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Friday, Oct 22, 2021
Outlook.com
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Connecticut’s Music Maestro Who Became Pioneering Carnatic Vocalist: Remembering Jon B. Higgins

Early December was when, in 1984, south Indian classical lost its first Westerner vocalist of acclaim. Remembering Jon B. Higgins, along with renowned Maharajapuram Santhanam (who also died in a road accident) on his 90th anniversary.

Connecticut’s Music Maestro Who Became Pioneering Carnatic Vocalist:  Remembering Jon B. Higgins
Connecticut’s Music Maestro Who Became Pioneering Carnatic Vocalist: Remembering Jon B. Higgins
outlookindia.com
2017-12-14T15:34:04+05:30

More than three decades ago, Chennai’s December Season wasn’t as extravagant as it is in 2017 when more than a five dozen sabhas organise the cultural festival across the metropolis in a span of no less than 45 days. In the early days of one such Margazhi music and dance festival way back in 1984, the Tamil Nadu capital received the news of the untimely death of a distinguished musician: Jon B. Higgins, 45, was killed in a road accident in his native US.

The trans-Atlantic December 7 tragedy gave the world of Carnatic music more reasons than one to mourn. For, Higgins was not just a pioneering Westerner to have carved a niche in south Indian classical vocal; he was considered a reasonably known artiste in the field where ethnicity was generally counted as a reason for comparatively easy grip over the form. For many buffs, the American master was, simply, Higgins Bhagavatar.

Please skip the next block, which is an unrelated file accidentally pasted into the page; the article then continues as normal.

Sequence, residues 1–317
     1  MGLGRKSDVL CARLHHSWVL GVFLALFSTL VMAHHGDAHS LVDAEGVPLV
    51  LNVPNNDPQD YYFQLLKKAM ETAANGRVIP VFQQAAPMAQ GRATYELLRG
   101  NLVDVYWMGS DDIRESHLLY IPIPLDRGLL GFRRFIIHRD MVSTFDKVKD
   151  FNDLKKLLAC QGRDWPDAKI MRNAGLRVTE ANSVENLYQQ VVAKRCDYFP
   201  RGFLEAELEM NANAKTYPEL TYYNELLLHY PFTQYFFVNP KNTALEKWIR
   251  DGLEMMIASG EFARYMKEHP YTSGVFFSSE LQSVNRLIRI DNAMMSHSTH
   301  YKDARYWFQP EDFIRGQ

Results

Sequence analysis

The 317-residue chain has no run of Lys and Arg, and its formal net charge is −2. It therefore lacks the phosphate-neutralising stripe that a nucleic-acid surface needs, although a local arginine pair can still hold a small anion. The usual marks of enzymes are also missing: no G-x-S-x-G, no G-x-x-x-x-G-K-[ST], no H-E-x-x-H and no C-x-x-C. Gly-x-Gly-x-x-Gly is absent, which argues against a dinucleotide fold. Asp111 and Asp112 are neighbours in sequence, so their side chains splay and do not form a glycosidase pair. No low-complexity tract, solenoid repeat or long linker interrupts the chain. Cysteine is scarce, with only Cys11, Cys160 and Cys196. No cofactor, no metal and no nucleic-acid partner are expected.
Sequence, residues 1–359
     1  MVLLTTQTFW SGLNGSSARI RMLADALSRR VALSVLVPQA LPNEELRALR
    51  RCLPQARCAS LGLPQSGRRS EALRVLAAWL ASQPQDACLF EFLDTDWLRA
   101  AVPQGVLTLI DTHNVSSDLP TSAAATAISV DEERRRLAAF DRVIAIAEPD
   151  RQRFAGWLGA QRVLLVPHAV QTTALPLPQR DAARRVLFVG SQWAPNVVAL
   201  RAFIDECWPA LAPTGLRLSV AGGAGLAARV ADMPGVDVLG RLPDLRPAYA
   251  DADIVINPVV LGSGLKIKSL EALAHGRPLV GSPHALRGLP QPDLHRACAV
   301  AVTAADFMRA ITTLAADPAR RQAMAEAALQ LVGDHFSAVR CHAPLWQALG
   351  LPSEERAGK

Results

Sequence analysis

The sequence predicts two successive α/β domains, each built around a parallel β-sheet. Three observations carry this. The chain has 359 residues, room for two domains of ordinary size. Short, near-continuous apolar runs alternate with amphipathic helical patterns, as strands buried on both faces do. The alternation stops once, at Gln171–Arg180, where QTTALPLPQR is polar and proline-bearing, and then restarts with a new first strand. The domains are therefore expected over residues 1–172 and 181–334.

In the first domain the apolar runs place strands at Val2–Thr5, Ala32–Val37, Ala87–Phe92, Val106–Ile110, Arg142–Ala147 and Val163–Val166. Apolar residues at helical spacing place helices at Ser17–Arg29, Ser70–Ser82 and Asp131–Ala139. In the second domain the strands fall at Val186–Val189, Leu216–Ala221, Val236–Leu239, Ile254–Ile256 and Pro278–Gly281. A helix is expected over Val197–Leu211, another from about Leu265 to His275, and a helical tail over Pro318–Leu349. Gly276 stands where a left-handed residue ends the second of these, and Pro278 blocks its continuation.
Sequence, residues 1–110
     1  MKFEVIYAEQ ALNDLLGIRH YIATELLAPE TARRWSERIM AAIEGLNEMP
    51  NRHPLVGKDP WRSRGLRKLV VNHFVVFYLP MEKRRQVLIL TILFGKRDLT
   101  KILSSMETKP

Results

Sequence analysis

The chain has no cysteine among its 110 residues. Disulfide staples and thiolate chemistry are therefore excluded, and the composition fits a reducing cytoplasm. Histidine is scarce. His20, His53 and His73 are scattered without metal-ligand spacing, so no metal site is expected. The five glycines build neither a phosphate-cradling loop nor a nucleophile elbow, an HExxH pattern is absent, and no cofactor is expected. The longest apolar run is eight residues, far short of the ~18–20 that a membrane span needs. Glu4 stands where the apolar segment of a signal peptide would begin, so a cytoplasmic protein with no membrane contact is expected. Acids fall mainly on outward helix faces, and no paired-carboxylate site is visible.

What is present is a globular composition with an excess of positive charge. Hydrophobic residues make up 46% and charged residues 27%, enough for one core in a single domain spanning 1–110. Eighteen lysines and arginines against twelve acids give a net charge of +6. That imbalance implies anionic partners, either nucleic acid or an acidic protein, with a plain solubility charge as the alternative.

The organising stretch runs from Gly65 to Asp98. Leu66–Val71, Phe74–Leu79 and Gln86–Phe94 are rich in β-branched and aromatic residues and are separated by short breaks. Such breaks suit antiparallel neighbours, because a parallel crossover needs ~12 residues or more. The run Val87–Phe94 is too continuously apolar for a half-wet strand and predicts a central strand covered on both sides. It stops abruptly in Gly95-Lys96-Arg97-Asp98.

The musician was planning a protest concert in South Africa against that country’s racist regime that sought to perpetuate apartheid when Higgins, while walking with his dog on a road adjacent to his home in Connecticut’s Middletown, was fatally hit by the drunken driver of a vehicle.

Almost eight years later, Carnatic music lost another illustrious musician when Maharajapuram Santhanam died—the car carrying him collided with a stationary tractor near Tindivanam, over a 100 km south of Chennai. This week marked the 90th birth anniversary of the vocalist, who was extremely popular even while being a classicist and a torch-bearer of a mellifluous style of Carnatic rendition initiated by his father Maharajapuram Viswanatha Iyer.

Santhanam (1928-92) did have his years as a musician in another country—as was the case with the 1939-born Higgins. The Tamil vocalist, who was born in Sirunangur village along the fertile Cauvery belt, had spent five years of his life (from 1960) in Sri Lanka, where he taught Carnatic by serving as the head of the department at the Ponnambalam Ramanathan College of Music at Jaffna. Now, that is a green tropical belt in the island-nation’s northern province, where civilisation existed even two millennia before the birth of Jesus Christ.

That is in contrast with Andover. The Massachusetts city had barely three centuries of history of human settlement when Job was born there in 1939—to a lady who taught music. The boy’s father was an English master as the local Phillips Academy, where Jon did his higher schooling.